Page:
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The Lost Art of Imperfection
Less Than Pulp, Issue 51
My pal Scout Tafoya (who also happens to be my favorite critic) messaged me this past week about a film from 1990 called Crash and Burn. Originally marketed as a sequel to Stuart Gordon’s Robot Jox, this post-apocalyptic film was directed by Charles Band, founder and CEO of Full Moon Features, a low-budget production and distribution company that still exists today but had its best years in the late 1980s and early 1990s. Scout was curious if I’d seen it. I told him I had, and he replied that he had no idea Charles Band had something so interesting in him.
Here was my response:
Yeah, I genuinely liked that one. Surprised me, and I’m a Full Moon fan (sort of).
I just liked how the robot is dormant until the end, like everything already happened and these people are trying to get things up and running again. Am I remembering correctly?
He mentioned how he’d read a piece that it’s the first and maybe only post-apocalyptic slasher film. I’m not sure what review he meant, but I am sure that assessment is correct. Those are two subgenres I’ve seldom seen mashed up, if ever.
While most movies that take place after society’s collapse or a global cataclysm tend to be larger in scale, Crash and Burn has an intimacy to it, being confined almost entirely to one location. Part of this was for budgetary reasons. However, as Jeff and I often discuss on Make Your Own Damn Podcast, limited resources do not always equal limited creativity. This is the case in Crash and Burn, a movie where a small group of survivors hole up in a remote TV station in the desert while a cyborg killer picks them off one-by-one. There’s a ticking clock aspect, with an incoming “thermal storm,” and the giant mech at the end makes for a fun, if obvious, deus ex machina.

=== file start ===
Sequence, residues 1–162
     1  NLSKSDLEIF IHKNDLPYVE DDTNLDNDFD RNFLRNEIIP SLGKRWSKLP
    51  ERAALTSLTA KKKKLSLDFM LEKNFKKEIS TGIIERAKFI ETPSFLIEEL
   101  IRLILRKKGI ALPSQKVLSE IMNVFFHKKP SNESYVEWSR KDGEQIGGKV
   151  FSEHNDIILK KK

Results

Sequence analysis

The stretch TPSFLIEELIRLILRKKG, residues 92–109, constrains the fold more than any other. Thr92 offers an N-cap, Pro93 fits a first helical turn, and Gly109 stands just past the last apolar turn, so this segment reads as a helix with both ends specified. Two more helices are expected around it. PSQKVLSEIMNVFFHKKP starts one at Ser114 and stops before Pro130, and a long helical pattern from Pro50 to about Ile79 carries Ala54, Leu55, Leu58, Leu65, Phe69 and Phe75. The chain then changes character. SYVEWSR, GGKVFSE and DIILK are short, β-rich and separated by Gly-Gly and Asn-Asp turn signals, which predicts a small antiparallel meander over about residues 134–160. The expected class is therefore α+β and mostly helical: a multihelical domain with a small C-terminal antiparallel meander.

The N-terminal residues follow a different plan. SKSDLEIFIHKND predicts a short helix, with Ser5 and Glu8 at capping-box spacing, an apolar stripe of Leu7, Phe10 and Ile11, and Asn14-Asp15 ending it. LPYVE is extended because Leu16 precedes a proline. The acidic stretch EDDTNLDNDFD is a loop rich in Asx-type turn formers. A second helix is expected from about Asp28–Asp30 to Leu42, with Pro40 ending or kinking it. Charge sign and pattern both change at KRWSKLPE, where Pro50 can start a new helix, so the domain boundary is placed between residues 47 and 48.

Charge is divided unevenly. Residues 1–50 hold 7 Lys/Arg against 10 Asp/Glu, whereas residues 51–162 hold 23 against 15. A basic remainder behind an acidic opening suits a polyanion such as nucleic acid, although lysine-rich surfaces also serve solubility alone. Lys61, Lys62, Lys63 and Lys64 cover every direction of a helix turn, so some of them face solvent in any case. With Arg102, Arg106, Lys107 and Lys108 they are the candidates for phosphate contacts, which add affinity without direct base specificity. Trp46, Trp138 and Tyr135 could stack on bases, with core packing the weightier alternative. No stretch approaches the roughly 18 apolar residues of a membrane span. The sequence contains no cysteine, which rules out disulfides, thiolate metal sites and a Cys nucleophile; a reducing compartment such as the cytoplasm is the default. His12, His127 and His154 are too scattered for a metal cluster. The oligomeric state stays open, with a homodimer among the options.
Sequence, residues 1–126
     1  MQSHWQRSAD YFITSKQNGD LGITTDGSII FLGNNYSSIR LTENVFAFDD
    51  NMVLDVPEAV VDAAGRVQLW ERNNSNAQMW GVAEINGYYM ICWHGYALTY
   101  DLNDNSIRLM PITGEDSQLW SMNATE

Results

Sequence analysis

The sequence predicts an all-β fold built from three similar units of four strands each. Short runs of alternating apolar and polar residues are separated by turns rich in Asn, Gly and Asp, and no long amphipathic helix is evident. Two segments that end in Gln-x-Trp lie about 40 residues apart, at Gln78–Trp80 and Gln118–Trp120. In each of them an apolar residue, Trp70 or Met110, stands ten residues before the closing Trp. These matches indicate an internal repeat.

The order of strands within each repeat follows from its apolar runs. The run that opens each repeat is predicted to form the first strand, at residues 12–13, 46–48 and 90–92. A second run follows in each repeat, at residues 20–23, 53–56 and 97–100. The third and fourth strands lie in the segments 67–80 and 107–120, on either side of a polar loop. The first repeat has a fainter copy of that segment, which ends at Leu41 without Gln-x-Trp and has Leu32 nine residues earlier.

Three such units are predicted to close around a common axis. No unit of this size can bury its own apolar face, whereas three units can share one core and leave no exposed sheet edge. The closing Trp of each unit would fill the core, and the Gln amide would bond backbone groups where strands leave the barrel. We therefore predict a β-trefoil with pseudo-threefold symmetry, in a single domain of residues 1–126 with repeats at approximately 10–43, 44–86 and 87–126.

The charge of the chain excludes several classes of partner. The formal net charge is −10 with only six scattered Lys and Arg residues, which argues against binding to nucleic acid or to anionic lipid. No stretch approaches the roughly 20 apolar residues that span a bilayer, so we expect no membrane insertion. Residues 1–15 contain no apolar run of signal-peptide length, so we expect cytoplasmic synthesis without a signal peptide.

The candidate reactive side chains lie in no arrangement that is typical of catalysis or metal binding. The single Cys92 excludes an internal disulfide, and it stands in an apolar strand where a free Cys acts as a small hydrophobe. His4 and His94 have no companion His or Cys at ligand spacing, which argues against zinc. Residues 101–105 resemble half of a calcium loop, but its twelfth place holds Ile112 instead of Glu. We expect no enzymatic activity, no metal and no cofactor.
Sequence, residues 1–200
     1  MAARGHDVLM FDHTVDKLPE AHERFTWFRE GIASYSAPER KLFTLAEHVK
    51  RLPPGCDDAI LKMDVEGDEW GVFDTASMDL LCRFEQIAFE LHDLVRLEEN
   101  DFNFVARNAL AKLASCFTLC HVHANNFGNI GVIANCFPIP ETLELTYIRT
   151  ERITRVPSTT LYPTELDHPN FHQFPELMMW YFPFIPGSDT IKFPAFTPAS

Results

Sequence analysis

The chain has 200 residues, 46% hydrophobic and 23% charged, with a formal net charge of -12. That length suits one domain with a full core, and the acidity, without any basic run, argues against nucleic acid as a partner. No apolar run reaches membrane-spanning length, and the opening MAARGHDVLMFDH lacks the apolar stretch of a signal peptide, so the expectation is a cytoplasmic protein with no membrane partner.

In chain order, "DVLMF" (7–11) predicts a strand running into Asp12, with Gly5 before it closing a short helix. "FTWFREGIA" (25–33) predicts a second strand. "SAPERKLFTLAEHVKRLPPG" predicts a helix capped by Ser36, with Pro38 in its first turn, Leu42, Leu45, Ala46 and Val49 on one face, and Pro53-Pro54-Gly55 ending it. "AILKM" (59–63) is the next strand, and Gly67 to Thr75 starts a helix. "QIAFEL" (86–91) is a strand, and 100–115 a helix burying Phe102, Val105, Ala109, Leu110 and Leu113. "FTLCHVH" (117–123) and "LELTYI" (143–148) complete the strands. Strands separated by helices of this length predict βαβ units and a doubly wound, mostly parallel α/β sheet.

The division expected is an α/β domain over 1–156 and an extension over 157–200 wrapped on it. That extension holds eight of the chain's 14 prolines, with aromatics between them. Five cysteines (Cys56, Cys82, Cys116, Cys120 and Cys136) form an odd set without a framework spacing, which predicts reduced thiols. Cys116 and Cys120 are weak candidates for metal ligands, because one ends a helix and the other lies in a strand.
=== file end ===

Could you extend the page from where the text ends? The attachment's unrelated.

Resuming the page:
Full Moon has made some real turds, but there was a maybe ten-year period where they put out some interesting stuff. I think because their aesthetics sort of looked like they’re for kids, but the films themselves had gore and sex, they were essentially gateway drugs for a bunch of people in my age group.
He wrote back:
Some of them like Trancers are so frustrating because they’re so almost good.
“Almost good” is a great way to describe Trancers. I told Scout that I felt the same way about the work of the late Albert Pyun (The Sword and the Sorcerer, Nemesis). Scout describes Pyun as “allergic to coherence.” I describe him as “James Cameron’s really unhinged little brother.”
In his film Cyborg, which stars a young Jean-Claude Van Damme, the characters are all named after guitars. I’m still not sure why beyond, “because it’s cool.” And indeed, it is a cool film. Van Damme has a tiny knife that pops out from the tip of his boot to add something extra deadly to his already devastating kicks. The film plays out like a precursor to cult classic Six-String Samurai; it’s a work that Scout describes as “borderline avant-garde by accident,” which is a great assessment of most texts I love be they movies, books, music, whatever.